MC: The piece that I mentioned earlier on, James Macmillan’s Gospel according to St John that we did a few weeks ago up in Scotland; I thought it was a wonderful piece. It was a piece for orchestra, a large choir which was the London Symphony Chorus, and we were doing a smaller chamber choir. There were 16 of us. And we were the narrator choir, so we were telling the story. The big choir were sort of directly involved in the drama of the Passion, and I really thought it was an amazing piece. A piece where you’re on stage thinking I’m so glad I’ve had the opportunity to sing this piece. And also a piece that I imagine will become part of the repertoire and will be performed many many times. So that was very exciting.

So tell us about a day in the life of a BBC Singer. So you turn up for work – is there any sort of warm up exercises that you have to do? How does it pan out?
MC: How it is, is that we do our own warm-up at home, before we turn up to work. Or there’s a small room where we can warm up at the Maida Vale studios, which is where we’re based. We go into our studio, Maida Vale 2, which is in the basement, so we don’t see much sunlight during the day. And at the beginning of a programme, our music arrives on our music stand, we open it up, it’s the first time we’ve seen it, so we’ll read it through with the conductor in front of us, and then we’ll start working on the nitty-gritty of it. We do music in a lot of different languages so we may have language coaches who come in and help us with the pronunciation and the understanding of different langauages. And then if there are other instruments involved, after a couple of days we start to rehearse with the other instruments. And by the end of the week, we’re ready with our performance.

It’s quite a quick turnaround then?
MC: Very quick.

Especially the learning another language as well. Give me examples of other languages. Are we speaking in terms of French, German, Latin?
MC: All those standard European languages plus some more unusual ones. We do the Scandinavian languages, we’ve sung in Finnish, we’ve sung in Hungarian. The piece I’m looking at for a concert in a couple of weeks is in Hebrew. So, yes. And Russian. We sing in many many different languages.

Do you pick up any words through doing that?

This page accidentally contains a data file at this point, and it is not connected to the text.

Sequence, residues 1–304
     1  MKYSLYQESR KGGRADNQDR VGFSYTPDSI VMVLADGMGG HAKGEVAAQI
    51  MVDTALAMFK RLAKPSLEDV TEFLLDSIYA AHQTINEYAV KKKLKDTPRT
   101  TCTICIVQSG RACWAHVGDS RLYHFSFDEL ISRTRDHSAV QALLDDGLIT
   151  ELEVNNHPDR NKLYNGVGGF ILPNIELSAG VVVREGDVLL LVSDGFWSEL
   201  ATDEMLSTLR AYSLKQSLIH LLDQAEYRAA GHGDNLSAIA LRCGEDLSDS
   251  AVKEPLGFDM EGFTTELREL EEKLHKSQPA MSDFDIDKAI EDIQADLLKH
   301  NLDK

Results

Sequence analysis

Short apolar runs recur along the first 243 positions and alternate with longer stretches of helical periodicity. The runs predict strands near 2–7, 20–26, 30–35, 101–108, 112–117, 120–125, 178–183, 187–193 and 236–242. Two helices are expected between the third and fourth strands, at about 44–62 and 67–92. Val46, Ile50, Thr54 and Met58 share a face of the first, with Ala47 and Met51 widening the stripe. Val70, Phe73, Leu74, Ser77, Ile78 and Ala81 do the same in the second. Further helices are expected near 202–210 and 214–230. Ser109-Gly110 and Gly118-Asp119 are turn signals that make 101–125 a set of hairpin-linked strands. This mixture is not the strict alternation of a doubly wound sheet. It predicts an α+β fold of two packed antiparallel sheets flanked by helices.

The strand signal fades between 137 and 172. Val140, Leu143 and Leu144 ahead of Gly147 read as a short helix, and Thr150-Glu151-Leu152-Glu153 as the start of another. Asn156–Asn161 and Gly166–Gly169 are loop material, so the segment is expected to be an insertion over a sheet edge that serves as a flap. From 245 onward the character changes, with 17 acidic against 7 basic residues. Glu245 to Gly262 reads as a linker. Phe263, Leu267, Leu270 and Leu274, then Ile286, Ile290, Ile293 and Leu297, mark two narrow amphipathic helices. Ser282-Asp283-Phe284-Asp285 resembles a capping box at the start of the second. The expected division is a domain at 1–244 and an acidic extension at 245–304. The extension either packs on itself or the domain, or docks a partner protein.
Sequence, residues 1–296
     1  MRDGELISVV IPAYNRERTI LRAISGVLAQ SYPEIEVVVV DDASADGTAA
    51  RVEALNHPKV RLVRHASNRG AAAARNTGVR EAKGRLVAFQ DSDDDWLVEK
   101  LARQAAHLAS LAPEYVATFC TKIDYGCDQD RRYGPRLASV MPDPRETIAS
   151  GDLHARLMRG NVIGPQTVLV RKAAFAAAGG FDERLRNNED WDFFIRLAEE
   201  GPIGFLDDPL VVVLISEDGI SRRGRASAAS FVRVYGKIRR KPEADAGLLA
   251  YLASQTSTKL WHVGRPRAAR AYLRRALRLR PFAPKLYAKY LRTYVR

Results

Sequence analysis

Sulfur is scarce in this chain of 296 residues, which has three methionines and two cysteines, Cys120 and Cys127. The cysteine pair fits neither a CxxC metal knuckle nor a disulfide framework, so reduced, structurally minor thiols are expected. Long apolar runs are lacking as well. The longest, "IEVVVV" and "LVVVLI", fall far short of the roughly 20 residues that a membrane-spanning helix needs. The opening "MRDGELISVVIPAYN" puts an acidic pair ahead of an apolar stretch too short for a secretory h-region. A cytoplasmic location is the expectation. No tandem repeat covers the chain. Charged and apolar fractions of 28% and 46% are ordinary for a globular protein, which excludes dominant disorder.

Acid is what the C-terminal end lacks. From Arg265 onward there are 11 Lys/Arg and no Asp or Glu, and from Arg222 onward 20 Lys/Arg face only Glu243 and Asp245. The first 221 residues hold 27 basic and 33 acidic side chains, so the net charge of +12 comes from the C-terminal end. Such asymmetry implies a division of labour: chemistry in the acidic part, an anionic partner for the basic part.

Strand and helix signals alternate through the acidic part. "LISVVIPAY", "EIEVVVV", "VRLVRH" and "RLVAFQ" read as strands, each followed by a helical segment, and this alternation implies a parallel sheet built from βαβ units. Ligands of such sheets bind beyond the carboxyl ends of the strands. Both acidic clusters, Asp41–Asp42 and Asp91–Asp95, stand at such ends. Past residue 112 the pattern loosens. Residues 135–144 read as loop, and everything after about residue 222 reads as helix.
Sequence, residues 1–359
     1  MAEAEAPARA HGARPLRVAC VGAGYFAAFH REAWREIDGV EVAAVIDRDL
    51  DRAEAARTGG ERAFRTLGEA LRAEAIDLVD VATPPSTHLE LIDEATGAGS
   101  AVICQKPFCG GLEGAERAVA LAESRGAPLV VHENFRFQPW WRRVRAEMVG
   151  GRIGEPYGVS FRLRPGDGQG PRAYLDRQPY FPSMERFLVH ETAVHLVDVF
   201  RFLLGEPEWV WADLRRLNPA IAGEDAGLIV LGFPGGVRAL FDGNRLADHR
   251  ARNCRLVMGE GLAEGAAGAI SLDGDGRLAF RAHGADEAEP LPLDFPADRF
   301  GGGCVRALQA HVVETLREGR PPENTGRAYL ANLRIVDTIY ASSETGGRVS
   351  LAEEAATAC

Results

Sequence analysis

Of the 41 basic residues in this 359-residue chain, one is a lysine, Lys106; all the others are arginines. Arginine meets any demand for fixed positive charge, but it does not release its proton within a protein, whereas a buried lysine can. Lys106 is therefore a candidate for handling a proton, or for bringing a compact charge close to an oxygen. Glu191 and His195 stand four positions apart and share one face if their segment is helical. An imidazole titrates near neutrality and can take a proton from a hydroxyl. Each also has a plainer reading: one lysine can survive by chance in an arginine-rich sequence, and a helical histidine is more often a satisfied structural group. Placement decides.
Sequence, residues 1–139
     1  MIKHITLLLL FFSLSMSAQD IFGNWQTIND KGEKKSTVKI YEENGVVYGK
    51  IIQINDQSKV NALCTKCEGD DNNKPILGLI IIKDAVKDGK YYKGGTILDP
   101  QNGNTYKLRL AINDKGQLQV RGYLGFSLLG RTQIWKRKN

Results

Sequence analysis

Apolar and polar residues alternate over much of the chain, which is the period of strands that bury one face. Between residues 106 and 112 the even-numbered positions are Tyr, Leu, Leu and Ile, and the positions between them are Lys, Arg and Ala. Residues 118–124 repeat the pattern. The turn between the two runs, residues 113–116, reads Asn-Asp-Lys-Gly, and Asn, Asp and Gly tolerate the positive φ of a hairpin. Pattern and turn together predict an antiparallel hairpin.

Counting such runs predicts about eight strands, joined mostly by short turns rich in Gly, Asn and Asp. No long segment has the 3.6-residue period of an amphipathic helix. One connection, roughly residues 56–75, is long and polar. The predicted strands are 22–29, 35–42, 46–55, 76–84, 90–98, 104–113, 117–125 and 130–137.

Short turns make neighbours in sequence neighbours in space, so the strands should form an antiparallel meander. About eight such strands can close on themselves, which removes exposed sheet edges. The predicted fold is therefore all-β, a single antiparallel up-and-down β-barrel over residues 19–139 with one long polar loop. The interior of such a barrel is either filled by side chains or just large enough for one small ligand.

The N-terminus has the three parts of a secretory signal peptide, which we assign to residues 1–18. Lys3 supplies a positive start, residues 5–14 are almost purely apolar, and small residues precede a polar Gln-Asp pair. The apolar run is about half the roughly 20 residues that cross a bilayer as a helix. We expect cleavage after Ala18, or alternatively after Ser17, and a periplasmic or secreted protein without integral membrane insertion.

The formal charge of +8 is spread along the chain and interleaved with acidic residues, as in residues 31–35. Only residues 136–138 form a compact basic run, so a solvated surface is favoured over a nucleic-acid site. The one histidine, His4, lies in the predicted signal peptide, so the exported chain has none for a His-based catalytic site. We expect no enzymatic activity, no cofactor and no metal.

MC: You do pick up the odd word yes.

Perhaps not useful in conversation?
MC: Often very romantic language really for everyday conversation!

The BBC Singers work with a nationwide outreach programme, so you go into schools, and you work with youth choirs. Can you tell us a little bit more about that and the work you’ve done with schools and youth choirs?
MC: Yes, we go out to schools a lot. We go into the classroom and work with the school choirs, and the teachers who run the school choirs, and we’ve done projects where we’ve put concerts on together with the choirs that we’ve worked with. At the moment the project that I’m involved in is with setting up community choirs in the borough of Lewisham. And there are 5 community choirs that have been set up in different areas of the borough, so that they’re all quite particular to their locality. And they’re just fledgling choirs at the moment, but we’re working towards them being involved in the Voices Now weekend here at the Roundhouse, where they’ll be taking their first steps and performing on their own as choirs.

For someone like myself, and I’ve been saying this in every interview, who’s sort of starting out in classical music, and choirs, listening to this style of music, is there a particular composer of a piece that you can recommend to me to get stuck in?
MC: I think it’s so much a matter of finding the styles that make you tick, but I would listen to some Bob Chilcot, who works with us and has written some wonderful pieces for choir. When I was first listening to classical music, one of my O-level pieces was by Stravinsky, and I started listening to the Symphony of Psalms choral piece, and I thought that was absolutely wonderful. I would listen to some of the old masters – I would listen to Bach, maybe St Matthew Passion; I would listen to the Mozart Requiem; and I would also have a listen to James Macmillan’s St John’s Gospel.

And for those of us that are looking forward to coming to Reverb 2012, and this is possibly putting you on the spot, but perhaps a little tagline for your event? A reason for us to come and enjoy the instrument of the voice?
MC: Yes, come and listen to the voice because it’s an amazing instrument and you’ll be astonished at how many different colours and sounds can be achieved by the human voice, particularly a group of human voices – the amazing harmonies that can be produced.

We’ll be seeing you in February 2012, next year!
MC: Yes – I’ll be looking forward to it.